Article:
Pathway to new arteries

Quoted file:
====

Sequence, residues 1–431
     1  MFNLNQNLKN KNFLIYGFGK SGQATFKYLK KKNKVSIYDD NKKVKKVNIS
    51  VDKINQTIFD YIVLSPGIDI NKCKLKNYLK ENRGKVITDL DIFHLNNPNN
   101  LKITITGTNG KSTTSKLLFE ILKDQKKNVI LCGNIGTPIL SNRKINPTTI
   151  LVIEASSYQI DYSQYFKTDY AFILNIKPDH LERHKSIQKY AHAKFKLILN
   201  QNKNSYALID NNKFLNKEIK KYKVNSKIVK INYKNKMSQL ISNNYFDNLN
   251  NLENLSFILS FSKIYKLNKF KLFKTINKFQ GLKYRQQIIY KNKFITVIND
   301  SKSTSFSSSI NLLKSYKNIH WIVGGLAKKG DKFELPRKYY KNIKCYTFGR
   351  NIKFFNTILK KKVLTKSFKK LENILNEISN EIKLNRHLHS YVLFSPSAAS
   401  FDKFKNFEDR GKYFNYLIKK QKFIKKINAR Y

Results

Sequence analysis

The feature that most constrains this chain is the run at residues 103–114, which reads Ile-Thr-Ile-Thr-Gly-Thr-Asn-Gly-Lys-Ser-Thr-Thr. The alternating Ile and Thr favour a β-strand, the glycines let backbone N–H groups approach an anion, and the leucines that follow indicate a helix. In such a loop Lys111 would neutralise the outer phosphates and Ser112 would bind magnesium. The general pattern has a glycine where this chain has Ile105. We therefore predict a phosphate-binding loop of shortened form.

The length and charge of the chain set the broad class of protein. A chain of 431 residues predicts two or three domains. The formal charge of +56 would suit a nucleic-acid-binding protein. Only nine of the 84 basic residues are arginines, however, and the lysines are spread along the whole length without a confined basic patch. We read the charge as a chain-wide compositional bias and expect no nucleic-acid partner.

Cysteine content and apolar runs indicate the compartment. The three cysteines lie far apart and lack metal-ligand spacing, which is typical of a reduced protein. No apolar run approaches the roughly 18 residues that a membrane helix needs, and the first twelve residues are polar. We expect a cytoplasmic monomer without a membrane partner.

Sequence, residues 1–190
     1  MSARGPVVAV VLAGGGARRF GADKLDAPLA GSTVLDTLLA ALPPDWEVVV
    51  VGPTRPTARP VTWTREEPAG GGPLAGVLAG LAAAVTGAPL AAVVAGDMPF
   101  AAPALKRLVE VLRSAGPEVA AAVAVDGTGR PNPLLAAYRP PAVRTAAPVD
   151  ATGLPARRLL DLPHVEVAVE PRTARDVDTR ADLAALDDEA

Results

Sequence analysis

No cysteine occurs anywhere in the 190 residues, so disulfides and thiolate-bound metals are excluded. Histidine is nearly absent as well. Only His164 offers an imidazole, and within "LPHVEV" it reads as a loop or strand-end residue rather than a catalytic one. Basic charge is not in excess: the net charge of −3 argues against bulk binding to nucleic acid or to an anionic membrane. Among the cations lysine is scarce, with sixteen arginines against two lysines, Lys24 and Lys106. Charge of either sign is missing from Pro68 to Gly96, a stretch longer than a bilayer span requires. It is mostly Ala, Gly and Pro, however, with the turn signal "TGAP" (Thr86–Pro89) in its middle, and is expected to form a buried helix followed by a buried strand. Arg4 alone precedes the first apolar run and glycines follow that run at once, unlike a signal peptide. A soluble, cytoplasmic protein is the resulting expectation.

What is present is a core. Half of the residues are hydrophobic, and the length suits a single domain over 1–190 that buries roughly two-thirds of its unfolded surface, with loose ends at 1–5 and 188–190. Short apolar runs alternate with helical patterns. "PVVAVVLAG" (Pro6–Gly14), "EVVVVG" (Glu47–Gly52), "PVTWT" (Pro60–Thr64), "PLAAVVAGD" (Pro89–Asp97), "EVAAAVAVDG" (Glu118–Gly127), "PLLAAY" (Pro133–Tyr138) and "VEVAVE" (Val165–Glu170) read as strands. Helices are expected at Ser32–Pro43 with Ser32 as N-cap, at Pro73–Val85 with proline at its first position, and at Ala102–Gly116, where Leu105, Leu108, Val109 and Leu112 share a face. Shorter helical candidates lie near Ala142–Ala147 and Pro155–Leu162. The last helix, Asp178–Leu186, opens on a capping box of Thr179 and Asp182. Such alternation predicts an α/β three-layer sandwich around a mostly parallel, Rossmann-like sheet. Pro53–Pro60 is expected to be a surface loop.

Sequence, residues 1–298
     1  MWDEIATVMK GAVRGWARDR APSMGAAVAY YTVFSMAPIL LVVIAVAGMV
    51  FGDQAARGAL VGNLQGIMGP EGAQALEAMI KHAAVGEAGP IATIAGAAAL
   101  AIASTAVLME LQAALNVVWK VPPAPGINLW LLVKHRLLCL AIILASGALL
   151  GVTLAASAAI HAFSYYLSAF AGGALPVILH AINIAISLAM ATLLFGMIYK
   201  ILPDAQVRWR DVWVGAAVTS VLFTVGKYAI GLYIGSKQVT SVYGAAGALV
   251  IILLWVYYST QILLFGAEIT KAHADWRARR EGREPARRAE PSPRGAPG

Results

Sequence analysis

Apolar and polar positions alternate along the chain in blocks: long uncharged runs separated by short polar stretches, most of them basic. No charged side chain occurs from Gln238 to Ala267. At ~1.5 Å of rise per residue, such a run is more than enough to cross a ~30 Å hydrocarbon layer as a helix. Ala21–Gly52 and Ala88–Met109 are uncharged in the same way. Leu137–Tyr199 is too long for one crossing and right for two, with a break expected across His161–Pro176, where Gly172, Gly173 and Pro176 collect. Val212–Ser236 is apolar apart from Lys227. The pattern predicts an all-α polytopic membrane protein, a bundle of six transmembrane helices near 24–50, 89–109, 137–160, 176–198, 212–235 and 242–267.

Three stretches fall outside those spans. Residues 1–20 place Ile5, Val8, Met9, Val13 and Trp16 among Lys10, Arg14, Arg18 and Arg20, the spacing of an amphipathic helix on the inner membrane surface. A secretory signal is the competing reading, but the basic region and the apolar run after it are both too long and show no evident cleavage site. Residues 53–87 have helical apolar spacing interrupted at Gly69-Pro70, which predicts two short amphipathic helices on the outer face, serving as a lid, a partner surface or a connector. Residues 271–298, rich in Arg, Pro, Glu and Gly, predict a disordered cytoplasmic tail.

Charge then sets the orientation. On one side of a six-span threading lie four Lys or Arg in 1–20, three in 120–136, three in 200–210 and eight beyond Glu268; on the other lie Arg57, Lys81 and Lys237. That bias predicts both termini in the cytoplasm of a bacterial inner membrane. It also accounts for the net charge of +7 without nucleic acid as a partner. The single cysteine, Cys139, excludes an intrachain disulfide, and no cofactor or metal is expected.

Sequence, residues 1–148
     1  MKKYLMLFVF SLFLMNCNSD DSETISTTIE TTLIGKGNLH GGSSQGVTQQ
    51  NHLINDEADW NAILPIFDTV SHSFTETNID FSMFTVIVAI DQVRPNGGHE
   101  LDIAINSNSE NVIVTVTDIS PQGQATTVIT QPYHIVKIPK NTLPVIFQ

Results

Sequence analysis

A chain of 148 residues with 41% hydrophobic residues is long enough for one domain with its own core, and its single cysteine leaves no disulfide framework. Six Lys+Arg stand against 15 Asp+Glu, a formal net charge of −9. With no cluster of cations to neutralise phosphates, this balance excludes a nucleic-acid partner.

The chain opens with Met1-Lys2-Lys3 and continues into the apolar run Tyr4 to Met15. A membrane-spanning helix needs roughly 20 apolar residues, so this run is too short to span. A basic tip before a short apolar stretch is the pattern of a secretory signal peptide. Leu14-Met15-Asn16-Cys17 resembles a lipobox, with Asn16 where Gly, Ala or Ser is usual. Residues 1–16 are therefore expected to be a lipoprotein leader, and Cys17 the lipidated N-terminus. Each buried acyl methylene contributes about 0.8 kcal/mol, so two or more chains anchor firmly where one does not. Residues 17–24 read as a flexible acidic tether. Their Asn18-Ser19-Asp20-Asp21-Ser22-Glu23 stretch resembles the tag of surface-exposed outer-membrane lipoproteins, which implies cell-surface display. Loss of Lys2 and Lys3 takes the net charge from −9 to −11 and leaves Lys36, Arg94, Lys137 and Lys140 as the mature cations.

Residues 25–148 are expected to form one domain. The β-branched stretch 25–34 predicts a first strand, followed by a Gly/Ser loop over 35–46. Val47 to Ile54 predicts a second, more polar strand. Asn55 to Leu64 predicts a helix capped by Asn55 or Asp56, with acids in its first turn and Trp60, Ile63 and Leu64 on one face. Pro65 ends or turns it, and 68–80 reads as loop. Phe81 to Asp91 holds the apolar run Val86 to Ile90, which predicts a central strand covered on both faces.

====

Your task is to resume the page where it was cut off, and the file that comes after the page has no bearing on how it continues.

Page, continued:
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Scientists at the School of Medicine and University College London (UCL) have found a molecular pathway that can bypass blocked arteries and help form new arteries after heart attacks, strokes, and other acute illnesses. The Yale-UCL team reported in the April 29 issue of Developmental Cell that in order to make new arteries, which can form in adults when organs become oxygen-deprived, three molecules must work together. The oxygen-starved organs must first release a molecular signal called VEGF. That signal must then bind with two molecules known as VEGFR2 and NRP1. NRP1 transports the other two molecules to a signaling center in the walls of blood vessels. Mice that lacked part of that transporter had poorly constructed arterial branches in their internal organs and could not repair blood vessel blockage by forming new arteries. “This opens new therapeutic opportunities for developing drugs that would either stimulate or inhibit blood vessel formation,” said corresponding author Michael Simons, M.D. ’84, professor of medicine and cell biology, and director of the cardiovascular research center at the School of Medicine.


 

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